A shallow pit marks a vacant space among a row of olive trees.
The rows of olive trees were just starting to bud.

I learned that olive trees live for a thousand years but these lazy plants only produce olives for about four hundred years. Each tree produces about twelve liters of oil each year. If I had to guess I’d say that Lore and I go through no more than two to three liters per year, earning us a small minority share of one dusty green olive tree on a farm like this somewhere.

A row of barrels marked with different labels of wine at a vineyard.
Wine barrels with the bodega’s different labels were lined up outside.

After sampling some finger foods prepared with the house aceite de oliva (olive oil), we crossed the street to Carinae, the neighboring constellation-themed winery. We found a couple of Americans from the olive oil tour ready to begin a tasting. The guide spoke excellent English; more impressive was her command of wine jargon which is like its own little dialect.

Before we began the tasting, the guide asked us where we were from, a classic tour guide ice-breaker I have come to dislike and have discarded from own professional methods. It’s never a simple answer with us, Lore is from Córdoba and I am from New York but I prefer to just say that we live in Iowa whereas Lore prefers to relate our respective origins.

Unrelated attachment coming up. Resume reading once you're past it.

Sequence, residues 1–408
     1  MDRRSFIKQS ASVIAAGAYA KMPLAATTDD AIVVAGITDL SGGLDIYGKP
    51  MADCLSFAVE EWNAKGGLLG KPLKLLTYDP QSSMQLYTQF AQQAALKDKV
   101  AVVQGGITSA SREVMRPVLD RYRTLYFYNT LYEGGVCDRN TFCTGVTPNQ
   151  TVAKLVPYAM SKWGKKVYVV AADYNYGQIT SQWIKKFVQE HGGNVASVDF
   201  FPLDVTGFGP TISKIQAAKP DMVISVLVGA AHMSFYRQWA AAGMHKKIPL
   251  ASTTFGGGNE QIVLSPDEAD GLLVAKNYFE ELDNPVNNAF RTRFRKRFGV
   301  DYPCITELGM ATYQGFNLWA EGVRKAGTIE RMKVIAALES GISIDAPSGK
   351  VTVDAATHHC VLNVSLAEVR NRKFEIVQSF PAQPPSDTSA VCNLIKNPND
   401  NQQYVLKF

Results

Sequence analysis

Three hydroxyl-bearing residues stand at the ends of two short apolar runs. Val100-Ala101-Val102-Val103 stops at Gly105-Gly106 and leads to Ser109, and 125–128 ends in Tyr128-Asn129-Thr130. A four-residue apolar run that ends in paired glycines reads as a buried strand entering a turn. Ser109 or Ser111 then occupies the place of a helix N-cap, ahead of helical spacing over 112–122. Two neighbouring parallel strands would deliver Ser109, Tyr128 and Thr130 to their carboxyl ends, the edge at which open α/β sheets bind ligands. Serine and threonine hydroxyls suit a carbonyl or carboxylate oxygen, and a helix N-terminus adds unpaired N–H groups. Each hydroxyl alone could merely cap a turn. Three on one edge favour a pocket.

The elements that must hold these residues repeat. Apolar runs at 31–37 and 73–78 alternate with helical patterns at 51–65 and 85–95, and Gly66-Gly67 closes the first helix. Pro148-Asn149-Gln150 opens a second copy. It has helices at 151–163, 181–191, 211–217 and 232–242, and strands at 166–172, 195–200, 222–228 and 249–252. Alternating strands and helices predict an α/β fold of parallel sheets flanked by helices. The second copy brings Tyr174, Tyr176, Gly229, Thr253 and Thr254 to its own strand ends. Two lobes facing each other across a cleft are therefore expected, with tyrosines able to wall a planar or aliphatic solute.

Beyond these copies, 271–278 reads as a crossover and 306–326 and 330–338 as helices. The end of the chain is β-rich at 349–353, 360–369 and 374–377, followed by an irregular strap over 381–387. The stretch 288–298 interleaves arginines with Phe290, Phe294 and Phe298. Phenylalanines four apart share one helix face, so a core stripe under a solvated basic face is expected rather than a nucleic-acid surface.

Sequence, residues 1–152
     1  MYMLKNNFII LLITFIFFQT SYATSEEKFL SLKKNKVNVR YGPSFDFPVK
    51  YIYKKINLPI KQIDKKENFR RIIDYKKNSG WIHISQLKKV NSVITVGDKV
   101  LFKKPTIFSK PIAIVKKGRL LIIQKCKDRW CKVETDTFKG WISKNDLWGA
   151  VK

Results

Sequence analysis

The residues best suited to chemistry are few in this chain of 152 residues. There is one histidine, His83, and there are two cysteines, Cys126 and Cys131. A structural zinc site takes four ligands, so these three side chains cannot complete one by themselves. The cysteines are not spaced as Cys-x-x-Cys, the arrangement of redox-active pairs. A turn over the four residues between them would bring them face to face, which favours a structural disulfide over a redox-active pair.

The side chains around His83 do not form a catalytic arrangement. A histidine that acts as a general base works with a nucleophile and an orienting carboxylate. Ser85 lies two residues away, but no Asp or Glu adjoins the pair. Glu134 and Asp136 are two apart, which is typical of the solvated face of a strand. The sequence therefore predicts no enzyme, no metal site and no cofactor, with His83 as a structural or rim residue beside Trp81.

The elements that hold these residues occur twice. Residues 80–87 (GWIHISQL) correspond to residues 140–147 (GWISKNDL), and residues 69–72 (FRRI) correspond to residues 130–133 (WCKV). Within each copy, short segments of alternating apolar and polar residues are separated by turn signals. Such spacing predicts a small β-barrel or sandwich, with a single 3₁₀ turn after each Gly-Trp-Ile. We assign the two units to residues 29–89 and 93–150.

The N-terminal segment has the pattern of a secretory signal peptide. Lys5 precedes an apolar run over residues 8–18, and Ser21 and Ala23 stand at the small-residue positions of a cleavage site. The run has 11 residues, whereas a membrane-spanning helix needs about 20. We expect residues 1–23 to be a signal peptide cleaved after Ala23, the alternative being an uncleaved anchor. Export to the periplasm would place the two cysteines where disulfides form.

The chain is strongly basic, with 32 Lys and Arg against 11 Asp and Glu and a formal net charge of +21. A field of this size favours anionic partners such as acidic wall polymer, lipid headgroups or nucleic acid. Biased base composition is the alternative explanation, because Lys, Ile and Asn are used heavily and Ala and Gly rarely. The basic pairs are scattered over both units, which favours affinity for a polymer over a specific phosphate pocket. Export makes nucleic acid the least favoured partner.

One of the American women said, “But you are not from Iowa. I can tell you are from New York.” Back home I make a regular practice of ignoring as many of my compatriots as is practical, and I would have been pleased to continue that routine 9,000 miles away from home. But the guide was surprised and intrigued and wondered how the lady had known that even though I had barely said anything. I didn’t comment (and didn’t care to, though I later suggested to Lore it probably was because I was wearing a rain jacket in the desert—”New Yorkers always come prepared,” an amusement park clown in Florida told my raincoat-clad family while making small talk with us on another vacation twenty years ago). The American lady, who was from San Diego, and had probably seen slicker-wearing New Yorkers jostling their way across her own rainless homeland, added that I probably stood out in Iowa too. I replied that I didn’t think so. This lady was the second person I’ve met on a trip abroad who was both from San Diego and intent on needless gum-flapping (the other was a blowhard in a London bed-and-breakfast about ten years ago who informed me about post-September 11 conditions in New York City).

Stacks of wine barrels in a cool, dark, concrete room.
The bodega had an above-ground wine cellar.

Anyway, we tasted a couple of Malbecs, a Torrontés, a Cabernet Sauvignon, and a Syrah. I’m not a discerning wine-drinker; they were all very good. The guide then took us on a short tour of the bodega, switching to Spanish for my educational benefit since the Americans skipped the tour. They label each bottle by using a little hand-operated machine.

We wound up the afternoon with a pleasant ride back to the bike rental. The sky was still overcast and cool but the sun came out enough to make the shady country road appealing.

Argentina, 2011